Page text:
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In Syria, government forces have nearly retaken rebel-held eastern Ghouta near the capital of Damascus. It's been under bombardment by Syria and Russia for weeks. One by one now, rebel groups are making deals to leave. NPR's Ruth Sherlock reports.
RUTH SHERLOCK, BYLINE: In this video from a local journalist, thin, exhausted fighters and their families stream out of eastern Ghouta and board buses to leave. It's part of a deal to end the fighting. But for the thousands of residents involved, it's also a forced displacement from their homes. They're being taken to Idlib, a rebel province in northern Syria that's still at war. Danny Makki, a British-Syrian journalist who's watched the evacuation from the government side, says some soldiers are angry that the rebels are being given a way out.
DANNY MAKKI: I mean, one of the soldiers I spoke to there, he'd lost a brother, and he was basically saying that they're being let off easily.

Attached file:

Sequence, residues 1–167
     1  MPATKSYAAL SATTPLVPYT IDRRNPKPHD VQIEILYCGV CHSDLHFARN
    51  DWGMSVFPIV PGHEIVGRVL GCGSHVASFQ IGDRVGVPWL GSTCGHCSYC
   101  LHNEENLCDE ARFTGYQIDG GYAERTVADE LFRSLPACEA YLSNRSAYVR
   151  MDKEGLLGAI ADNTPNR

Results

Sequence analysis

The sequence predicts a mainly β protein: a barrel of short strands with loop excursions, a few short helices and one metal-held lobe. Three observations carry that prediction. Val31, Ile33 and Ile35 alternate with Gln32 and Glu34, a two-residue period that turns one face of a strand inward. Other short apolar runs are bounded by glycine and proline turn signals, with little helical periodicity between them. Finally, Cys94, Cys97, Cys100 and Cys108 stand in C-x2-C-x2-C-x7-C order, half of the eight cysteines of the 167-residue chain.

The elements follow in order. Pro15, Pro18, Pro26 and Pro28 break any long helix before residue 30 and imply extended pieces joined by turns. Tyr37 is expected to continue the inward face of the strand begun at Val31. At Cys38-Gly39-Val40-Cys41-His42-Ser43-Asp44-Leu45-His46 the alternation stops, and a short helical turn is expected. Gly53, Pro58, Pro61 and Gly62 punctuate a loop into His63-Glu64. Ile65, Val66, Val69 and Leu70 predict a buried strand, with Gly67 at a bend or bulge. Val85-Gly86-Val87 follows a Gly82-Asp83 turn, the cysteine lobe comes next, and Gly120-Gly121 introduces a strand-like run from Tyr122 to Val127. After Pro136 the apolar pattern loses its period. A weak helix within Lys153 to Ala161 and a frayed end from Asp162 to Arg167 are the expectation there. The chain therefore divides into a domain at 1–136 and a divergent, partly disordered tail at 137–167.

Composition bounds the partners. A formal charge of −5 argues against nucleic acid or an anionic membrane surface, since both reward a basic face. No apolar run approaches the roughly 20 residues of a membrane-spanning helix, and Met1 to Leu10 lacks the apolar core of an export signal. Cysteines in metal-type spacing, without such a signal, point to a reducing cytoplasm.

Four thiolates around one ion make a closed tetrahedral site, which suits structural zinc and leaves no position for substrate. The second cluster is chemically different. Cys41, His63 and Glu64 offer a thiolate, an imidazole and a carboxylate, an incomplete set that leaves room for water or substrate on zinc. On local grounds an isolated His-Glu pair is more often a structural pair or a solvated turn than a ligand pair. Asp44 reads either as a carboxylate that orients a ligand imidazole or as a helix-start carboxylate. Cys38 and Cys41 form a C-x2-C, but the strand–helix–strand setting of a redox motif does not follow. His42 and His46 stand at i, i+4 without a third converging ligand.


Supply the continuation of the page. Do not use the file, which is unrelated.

SHERLOCK: If the regime wins back eastern Ghouta, which seems likely, it would end any major rebel presence in Damascus and remove what might be the last major threat to the government. So far, though, one group, Jaysh al-Islam, still holds onto one of eastern Ghouta's biggest towns. Their refusal to surrender is causing panic among civilians there who fear even more days of bombardment and siege. Deana Lynn grew up in Michigan but lives in Douma with her husband and eight children.
DEANA LYNN: We're all nervous, very worried, waiting or knowing what will come. If Jaysh al-Islam decides to hold out, it will be very terrible for civilians.
SHERLOCK: She says her family is packing whatever they can carry, some clothes, some old photos, and are waiting to be displaced. Ruth Sherlock, NPR News, Beirut.
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